14. There's nothing wrong with it, but is there no longer a place for higher expectations and even higher culture? The average American has been so removed from class and culture that they can no longer be bothered to use proper English. There's a movie, I forget what it's called, but it's premise is about the "lowest common demoninator". Because all people are NOT created equal, it's the government's job to make them equal. And because dumb people cannot be made smarter, the smart people must be made dumb. Take away the government plot aspect, and that's where we're headed anyway. I think that the more we dumb-down the media and popular culture, the more we lower our expectations of the masses, the lower the masses will stoop. Why pay for 12 years of public education, when we only need 3 years to understand the events around us? Maybe they had it right 150 years ago when you went to school to learn language and math, and maybe a little about the world, then you went right to work after grade 6 or 8. Everybody got along fine back then. And the issue is not just language. Democracy is a great thing, but the fact is that some people are smarter than others, and maybe they should be put in charge a little more. (Anyone wanna vote for me? j/k.... i shouldn't be in charge of anything) That's the reason we have representatives. Anyway, I just think it's a shame the level of education many high school graduates have. (or don't have, which may be more telling)
  15. I also heard something once... it was that the average American newspaper only requires a Grade 3 reading level. Talk about catering to the masses... I prefer to read British newspapers to American ones because the quality of writing is so much better. I've also noticed that literature written even as recently as 50 years ago is of a substantially higher level than most writing today. I'm not sure if this is simply because only the higher-class works survive, or because of "catering to the masses". Seems to me that if newspapers weren't written so an 8-year old could easily understand them, perhaps the average adult wouldn't be virtually illiterate.
  16. Ignoring the problems with security, ignoring the problems of time and participation, I still see one major problem. Hugo and vroom touched on this, but I think it deserves further discussion: The average voter does not know enough about matters of state to make an informed decision on every issue. I do not believe that people, as a group, have enough perspective to make competent decisions affecting the future. Given the task alone, most people will make the right decisions, given that they know all facets of the issue, and they have no other influences affecting their decision, but as a group, people tend to make poor decisions without really thinking about it. It's bad enough that politicians often make decisions based on their desire to be reelected; how much worse would it be if they had to use the money from their own pockets. Every person who voted in this system on every issue would be looking out for number one. The reason we elect representatives is mostly because it has always been, and still is, impossible for every individual to participate at every level, but it is also because we need somebody with a (somewhat) outside perspective on the situation. Why do companies hire outside consultants? To get better perspective. I don't really like using the term "experts" when referring to politicians making our decisions for us, but the fact remains that it is their job to research the issues and make an informed decision. They may not be smarter, or any more knowledgable than the average voter, but they do have an obligation to take the bigger picture into account. This system can not work, because I don't think we can trust the average person to see the bigger picture or to act on it.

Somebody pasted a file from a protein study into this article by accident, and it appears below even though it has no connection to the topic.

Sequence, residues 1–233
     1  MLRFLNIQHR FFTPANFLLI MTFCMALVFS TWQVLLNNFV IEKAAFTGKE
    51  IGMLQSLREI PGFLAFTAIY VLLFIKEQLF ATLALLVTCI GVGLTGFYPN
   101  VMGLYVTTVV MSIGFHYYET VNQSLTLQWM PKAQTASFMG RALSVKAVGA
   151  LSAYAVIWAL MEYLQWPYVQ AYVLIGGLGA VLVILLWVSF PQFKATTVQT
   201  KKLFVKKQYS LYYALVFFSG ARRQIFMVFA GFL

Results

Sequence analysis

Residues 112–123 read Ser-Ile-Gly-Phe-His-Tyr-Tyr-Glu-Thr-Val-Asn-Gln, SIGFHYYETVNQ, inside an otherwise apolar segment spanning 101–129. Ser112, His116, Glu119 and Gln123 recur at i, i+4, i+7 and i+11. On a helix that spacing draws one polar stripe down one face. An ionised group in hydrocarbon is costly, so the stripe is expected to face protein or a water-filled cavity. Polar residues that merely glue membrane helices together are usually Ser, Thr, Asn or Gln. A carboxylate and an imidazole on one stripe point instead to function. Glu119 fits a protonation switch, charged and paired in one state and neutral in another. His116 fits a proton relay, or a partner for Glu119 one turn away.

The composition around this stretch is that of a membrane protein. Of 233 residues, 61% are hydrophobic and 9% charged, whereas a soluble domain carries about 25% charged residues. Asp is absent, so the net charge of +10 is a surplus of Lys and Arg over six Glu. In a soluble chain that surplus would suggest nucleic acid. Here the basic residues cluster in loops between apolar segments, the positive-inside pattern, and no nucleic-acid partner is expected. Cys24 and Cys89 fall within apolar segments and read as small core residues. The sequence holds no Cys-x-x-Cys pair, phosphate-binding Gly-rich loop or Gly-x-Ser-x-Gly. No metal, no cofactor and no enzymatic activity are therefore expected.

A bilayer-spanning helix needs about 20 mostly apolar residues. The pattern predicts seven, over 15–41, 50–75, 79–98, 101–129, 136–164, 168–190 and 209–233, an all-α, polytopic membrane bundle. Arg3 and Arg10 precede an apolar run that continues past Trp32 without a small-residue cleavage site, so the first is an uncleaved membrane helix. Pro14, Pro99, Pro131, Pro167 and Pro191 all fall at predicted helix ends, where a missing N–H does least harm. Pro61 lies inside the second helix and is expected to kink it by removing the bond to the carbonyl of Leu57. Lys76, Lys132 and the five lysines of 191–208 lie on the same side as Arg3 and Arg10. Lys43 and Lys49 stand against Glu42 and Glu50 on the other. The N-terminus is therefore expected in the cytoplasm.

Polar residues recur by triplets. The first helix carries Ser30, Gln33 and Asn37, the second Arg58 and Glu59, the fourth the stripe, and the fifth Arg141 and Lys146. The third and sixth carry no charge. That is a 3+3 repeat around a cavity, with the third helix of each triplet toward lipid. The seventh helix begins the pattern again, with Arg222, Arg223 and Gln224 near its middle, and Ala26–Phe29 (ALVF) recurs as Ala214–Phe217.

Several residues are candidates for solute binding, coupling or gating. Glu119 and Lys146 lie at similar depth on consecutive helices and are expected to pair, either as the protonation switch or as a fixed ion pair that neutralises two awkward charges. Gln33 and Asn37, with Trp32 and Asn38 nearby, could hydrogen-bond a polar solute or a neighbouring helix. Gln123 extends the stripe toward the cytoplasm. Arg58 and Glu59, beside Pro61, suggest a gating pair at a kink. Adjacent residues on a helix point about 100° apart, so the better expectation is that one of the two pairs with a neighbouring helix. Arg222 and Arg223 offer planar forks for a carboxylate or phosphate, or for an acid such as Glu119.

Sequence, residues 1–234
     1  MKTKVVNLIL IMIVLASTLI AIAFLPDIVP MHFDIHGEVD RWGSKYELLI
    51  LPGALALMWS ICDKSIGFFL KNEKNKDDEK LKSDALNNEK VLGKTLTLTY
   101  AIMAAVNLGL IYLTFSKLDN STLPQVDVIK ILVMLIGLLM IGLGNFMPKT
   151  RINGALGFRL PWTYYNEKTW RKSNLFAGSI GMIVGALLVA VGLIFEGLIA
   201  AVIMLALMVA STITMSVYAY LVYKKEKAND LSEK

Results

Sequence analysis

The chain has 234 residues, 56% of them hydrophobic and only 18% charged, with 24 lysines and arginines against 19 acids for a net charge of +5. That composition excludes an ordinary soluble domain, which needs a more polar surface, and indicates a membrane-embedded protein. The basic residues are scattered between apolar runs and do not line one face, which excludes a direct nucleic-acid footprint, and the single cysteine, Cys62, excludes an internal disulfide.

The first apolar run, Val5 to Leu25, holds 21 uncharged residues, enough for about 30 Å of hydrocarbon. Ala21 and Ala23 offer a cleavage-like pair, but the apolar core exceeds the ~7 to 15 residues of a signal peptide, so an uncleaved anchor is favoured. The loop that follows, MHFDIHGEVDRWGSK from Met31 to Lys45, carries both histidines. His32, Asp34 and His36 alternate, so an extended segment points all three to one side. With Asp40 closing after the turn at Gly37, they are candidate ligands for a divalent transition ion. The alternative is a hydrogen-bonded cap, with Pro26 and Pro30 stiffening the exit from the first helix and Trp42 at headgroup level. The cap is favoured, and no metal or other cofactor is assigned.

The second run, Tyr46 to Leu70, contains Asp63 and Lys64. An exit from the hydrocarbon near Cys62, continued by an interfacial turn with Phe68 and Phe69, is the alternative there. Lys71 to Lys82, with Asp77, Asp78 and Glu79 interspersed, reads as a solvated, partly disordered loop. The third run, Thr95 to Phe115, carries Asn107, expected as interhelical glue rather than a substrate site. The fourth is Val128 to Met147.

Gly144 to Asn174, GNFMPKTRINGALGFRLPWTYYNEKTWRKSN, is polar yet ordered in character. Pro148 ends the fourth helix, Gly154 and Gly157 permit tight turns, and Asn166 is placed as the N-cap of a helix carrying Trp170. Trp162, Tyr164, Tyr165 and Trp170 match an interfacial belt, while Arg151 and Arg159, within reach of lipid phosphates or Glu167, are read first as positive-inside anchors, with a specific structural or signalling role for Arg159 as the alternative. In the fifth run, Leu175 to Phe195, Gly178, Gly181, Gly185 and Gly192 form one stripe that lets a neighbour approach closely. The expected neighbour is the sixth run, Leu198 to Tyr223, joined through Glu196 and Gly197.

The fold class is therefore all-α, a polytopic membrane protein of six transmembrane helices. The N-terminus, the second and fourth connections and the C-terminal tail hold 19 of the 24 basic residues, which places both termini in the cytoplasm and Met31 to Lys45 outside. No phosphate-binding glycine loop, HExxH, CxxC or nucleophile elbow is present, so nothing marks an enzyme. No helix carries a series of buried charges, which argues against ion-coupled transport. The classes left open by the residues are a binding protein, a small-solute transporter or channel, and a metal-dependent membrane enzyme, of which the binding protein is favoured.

17. This is quite true, and frankly, it's the only way to run a country. If you have someone else's interests first, you might be a nice guy, but you sure aren't gonna last very long. There's nothing wrong with helping others, promoting democracy around the world, giving foreign aid to starving children, or whatever. But those should come second to, and this is the case for any political system, protecting your own interests, feeding your own people, and ensuring your own survival. After these are dealt with, then one can turn to the outside world and say, okay, who can I help today?
  18. Maybe we can't compete with the US, but let's not just hand them our sovereignty on a silver platter. That's just asking for trouble. This about the only thing I agree with. We have become too closely tied to the US in terms of defence. If we ever needed to defend ourselves, we really would need American help. But, heres the rub. That is why we need a relatively strong military, because if we pull out of NATO, as you suggest, and stop being the US's military gopher, there will be some rather displeased people in Washington. We need a force at least capable of deterring somebody. In the event of a large scale conflict, our military will not have time to train and support a volunteer force. There is nothing wrong with having mostly reservists, with only a small standing force, but they need to be pre-trained, and would need to continue training regularly. Switzerland has only been able to remain neutral through hundreds of years of war, including both world wars, becuase every capable man of age is a reservist in their military. (That, and they're in a real defensible position, high in the mountains). Maybe, but we can only try to be high on standards that other people accept. If the world in general looks at dick size, then damned if we don't need a big dick to illustrate our sovereignty and importance.